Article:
Japan’s Kishida reaffirms alliance with US in first talks as PM

Tokyo, Oct 5 (EFE).- Japanese Prime Minister Fumio Kishida and United States President Joe Biden reaffirmed Tuesday the strength of their alliance and agreed to meet soon, in what marked the first diplomatic contact since the Japanese leader took office.

Both heads of government held a telephone conversation of about 20 minutes in which they recalled the commitment of both countries to protect their interests in the Indo-Pacific region, where China has increased its activities, Kishida told journalists from his office.

Kishida said Biden congratulated him on his appointment.

“I am glad someone who has experience in diplomacy has assumed the position of prime minister. I hope to see you soon,” the US president said, according to Kishida’s statements to Japanese news agency Jiji.

The US president referred to Kishida’s years as foreign minister (2012-2017), the longest in postwar Japan, which earned him international recognition.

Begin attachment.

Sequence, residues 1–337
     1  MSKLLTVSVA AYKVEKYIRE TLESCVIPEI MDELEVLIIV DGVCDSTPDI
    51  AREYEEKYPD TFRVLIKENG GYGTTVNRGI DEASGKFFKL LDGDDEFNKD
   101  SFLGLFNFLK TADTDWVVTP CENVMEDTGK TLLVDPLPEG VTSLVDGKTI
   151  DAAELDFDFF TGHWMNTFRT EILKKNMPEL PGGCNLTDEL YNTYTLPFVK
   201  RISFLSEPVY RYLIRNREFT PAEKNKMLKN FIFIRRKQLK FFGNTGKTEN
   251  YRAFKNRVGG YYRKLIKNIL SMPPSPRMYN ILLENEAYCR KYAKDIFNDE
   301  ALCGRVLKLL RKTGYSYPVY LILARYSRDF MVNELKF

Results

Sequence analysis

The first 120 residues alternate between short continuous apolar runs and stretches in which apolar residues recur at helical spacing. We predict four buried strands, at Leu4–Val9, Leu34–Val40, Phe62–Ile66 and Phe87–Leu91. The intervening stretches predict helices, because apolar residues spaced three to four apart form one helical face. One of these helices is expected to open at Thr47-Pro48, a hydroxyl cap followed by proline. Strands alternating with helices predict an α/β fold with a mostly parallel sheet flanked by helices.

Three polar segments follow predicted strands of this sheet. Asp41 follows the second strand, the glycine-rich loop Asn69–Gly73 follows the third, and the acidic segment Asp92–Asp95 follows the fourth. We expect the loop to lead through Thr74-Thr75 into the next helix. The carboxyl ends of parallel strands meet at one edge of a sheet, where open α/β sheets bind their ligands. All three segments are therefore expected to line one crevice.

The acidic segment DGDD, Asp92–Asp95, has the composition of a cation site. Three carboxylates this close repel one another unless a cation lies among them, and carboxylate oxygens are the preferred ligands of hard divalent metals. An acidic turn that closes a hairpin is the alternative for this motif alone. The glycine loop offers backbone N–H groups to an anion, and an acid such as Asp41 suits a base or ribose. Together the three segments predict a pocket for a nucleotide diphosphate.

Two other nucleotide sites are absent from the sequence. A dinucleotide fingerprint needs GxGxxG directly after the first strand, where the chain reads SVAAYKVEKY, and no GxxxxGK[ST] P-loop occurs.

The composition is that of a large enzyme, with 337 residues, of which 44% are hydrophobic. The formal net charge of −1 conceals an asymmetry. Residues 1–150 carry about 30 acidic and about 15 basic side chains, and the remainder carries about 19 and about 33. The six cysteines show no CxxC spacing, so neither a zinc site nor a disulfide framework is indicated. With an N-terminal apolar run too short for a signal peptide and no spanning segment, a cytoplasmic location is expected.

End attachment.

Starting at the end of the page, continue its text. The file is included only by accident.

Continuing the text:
The now Japanese prime minister described his first conversation with a foreign president, and in particular with the US, as “an important step to further improve the alliance between Japan and the US,” public television channel NHK reported.

Other topics covered during the call included North Korea, which has recently conducted several missile tests; the Covid-19 pandemic and climate change.

Both leaders showed complicity by agreeing to protect each other and expressed interest in meeting in person at an early date.

Kishida was sworn in as prime minister on the eve of his victory in the ruling party’s primary last week. He succeeded Yoshihide Suga after just over a year in office and after he decided not to run for re-election due to his popularity crisis, resulting from his management of the pandemic.

The new 64-year-old Japanese prime minister, the 100th in the history of modern Japan, will have as top priorities keeping Covid-19 at bay and mitigating its economic impact, and will have less than a month to win the Japanese people’s support before general elections scheduled for Oct. 31. EFE


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